Tracy and her children

You can have a roof over your head and still be considered homeless. These days, a growing number of families are turning to ‘weekly rate’ hotels as a way to stay off the streets. But […]

Tracy and her children

Tweet about this on TwitterShare on FacebookShare on RedditShare on Google+Share on LinkedInPin on Pinterest

You can have a roof over your head and still be considered homeless.

These days, a growing number of families are turning to ‘weekly rate’ hotels as a way to stay off the streets. But don’t let the roof fool you, many of these motels-turned-homes are shoddy, small, and unkempt. Hardly ideal living conditions for any person, nevermind young children.

Tracy and her four children are one of the thousands of families across the U.S. who call a motel “home.” Although their living situation is not ideal, Tracy says it is an upgrade over the last motel room they lived in. Her husband works full-time, but Tracy cannot find a job, so the motel room is the only housing they can afford.

Seems every weekly rate hotel I have ever visited is horrible. Besides being run down, most places are filled with drug dealers, criminal activity and are unfit for children. It’s easy to understand why Tracy wants a better environment for her kids.

You can have a roof over your head and still be considered homeless. Click To Tweet

Special thanks to Mobile Loaves and Fishes

More Stories:

  • Wow.

    Thanks for sharing.

    I am still contemplating what this video was. I was really touched by the kids hanging on Tracy.

  • Pingback: – Tracy and her children « pyrrhussieg()

  • Pingback: Homeless Families Seek Shelter In Motels | TakePart Social Action Network™()

  • Thank you so much for posting this story. I know first hand exactly about this… a few months ago I encountered a young homeless family begging for money as they were going to be kicked out of their hotel the next day.

    I did not know quite what to do but after meeting them, I wrote a story and help from the blogosphere helped them so much. The shelters in SF are not able to help enough people.

    This is the beginning of their story:

    Happily, I can say that tomorrow they are moving into their new apartment. The motel they lived in for months was difficult and a very hard way to live, but I am so thankful to have met them and now can see they will have a home of their own. Thank you for this blog and what you do.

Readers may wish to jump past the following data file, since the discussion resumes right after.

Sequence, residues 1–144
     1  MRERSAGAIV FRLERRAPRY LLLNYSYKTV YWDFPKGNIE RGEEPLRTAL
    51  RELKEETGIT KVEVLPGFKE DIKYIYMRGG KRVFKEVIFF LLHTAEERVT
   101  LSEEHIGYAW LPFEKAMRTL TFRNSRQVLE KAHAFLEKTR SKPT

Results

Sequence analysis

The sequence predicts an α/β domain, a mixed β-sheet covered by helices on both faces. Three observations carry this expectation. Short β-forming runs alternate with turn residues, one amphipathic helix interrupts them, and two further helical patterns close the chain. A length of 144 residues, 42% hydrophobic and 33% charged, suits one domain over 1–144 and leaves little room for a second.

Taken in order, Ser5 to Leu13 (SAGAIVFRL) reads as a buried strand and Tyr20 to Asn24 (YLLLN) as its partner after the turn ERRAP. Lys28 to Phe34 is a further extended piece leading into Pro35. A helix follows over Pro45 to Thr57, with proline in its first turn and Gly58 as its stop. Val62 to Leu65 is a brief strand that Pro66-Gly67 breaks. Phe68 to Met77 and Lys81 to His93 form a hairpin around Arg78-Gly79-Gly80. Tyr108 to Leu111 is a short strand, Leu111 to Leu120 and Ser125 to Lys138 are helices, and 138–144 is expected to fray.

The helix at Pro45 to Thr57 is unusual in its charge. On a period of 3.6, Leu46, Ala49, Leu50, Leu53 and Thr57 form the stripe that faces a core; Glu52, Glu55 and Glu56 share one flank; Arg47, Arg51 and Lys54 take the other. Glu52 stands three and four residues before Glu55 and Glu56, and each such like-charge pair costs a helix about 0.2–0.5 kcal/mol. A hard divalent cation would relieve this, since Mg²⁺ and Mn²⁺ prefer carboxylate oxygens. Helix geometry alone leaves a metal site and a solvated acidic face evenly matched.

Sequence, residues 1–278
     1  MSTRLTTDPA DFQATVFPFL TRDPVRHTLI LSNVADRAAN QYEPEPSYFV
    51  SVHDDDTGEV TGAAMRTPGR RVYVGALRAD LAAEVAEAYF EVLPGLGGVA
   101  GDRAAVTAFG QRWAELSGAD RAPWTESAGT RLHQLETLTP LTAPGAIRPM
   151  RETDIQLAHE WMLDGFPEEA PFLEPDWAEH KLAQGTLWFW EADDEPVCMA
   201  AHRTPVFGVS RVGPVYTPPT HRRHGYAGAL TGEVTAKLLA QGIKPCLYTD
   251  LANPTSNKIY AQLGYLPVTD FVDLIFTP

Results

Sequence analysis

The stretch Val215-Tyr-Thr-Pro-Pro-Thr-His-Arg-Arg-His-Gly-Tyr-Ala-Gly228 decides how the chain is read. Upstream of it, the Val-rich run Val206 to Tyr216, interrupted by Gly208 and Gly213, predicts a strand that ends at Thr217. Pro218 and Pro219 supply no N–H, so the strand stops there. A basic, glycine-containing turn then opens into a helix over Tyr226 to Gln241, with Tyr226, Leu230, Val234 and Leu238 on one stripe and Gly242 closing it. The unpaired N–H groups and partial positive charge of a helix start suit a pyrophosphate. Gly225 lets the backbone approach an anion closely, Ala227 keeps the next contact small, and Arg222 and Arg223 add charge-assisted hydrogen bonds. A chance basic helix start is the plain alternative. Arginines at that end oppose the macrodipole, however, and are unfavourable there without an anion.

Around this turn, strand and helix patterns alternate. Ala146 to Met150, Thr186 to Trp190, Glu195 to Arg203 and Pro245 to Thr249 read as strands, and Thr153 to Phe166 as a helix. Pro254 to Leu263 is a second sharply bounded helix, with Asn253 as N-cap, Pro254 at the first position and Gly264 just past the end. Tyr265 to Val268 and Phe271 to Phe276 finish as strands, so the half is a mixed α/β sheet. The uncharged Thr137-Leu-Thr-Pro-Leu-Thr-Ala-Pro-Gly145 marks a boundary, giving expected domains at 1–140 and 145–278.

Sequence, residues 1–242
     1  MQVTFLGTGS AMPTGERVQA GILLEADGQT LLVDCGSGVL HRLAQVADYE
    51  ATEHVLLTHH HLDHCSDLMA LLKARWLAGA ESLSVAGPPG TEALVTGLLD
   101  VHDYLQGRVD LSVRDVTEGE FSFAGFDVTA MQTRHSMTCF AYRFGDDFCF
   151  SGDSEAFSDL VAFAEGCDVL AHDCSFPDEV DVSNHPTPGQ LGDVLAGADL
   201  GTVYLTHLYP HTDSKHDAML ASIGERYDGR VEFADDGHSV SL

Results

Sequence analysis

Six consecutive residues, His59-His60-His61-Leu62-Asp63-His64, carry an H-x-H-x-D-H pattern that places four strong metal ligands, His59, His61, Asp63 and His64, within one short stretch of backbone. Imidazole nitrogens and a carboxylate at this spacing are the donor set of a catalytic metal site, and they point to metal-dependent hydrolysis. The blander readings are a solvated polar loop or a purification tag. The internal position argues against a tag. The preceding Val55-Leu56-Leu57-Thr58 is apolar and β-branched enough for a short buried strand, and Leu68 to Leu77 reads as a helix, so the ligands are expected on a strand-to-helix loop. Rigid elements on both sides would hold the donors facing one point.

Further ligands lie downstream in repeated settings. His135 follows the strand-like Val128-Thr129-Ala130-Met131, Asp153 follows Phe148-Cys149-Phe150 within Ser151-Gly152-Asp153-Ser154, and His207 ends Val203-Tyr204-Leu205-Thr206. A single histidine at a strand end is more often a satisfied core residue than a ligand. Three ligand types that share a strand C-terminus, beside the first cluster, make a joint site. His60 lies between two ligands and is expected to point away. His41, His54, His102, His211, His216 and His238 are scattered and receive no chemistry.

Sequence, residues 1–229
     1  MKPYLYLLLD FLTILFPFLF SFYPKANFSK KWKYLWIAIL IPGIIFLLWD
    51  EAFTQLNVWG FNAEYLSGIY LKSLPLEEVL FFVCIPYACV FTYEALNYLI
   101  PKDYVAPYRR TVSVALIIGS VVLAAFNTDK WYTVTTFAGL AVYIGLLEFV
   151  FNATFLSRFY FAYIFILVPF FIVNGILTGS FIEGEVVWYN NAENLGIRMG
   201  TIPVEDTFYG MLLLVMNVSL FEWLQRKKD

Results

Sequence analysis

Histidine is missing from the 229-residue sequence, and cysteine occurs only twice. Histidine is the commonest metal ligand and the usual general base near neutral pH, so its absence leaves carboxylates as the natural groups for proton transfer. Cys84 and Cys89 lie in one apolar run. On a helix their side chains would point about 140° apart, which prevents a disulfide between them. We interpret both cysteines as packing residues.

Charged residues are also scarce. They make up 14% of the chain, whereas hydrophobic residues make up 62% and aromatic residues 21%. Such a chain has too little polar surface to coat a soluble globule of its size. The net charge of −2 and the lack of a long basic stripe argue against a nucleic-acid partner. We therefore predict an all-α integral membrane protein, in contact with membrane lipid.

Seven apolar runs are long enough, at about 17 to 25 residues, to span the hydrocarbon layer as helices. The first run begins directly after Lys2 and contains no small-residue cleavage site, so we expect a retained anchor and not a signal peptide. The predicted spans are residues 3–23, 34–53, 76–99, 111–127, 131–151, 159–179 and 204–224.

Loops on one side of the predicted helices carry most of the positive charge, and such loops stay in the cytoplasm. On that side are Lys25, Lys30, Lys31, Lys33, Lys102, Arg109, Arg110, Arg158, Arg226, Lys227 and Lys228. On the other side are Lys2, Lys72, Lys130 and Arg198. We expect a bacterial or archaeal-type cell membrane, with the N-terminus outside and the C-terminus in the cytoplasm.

• So many people don’t know enough about what families go through when resorting to weekly rooms for their kids.

    Although the audio wasn’t available for this video, Tracy’s message is getting through.

  • Pingback: The Shriver Report | Help A Mother Out()

  • Crystal

    I live in an extended stay hotel n Houston, tx with my two year old daughter and my husband. I work full-time at a restaurant and my husband is a painter, I also go to college online full time. We can barely afford living her because we pay $220 a week for 300ft of living space, but we can not afford to get into anything else and we have been here for about 8 months. This place is filled with drug heads and prostitutes, we do not associate with the others who live here. I am ashamed because the people I work with know that we live here and I work so hard to just keep a roof over my daughters head. I went yesterday to try to donate plasma and was turned away because I reside here, even though I pay a lot of money to live here. I feel like less of a person for living here. I am 23 years old.

  • mirabella

    My husband and I, along with our two cats, live in a weekly rate motel in Vinita, OK. I was a social worker. I had a nervous breakdown and am on disability for mental reasons. My husband is likewise in the process of applying for disability. I went from carrying Fossil wallets to getting my toilet paper and towels from the front desk. I am blessed to have what I have though, as it could always get worse. Low cost housing either has application fees here, which I can’t afford, or the ones that don’t, through HUD, do credit checks—which I do not pass. There is no savings for utility deposits and such–no first, last and security. It has taught me humility. Before working as a social worker, I worked as an English and Drama teacher in England.

Switch to mobile version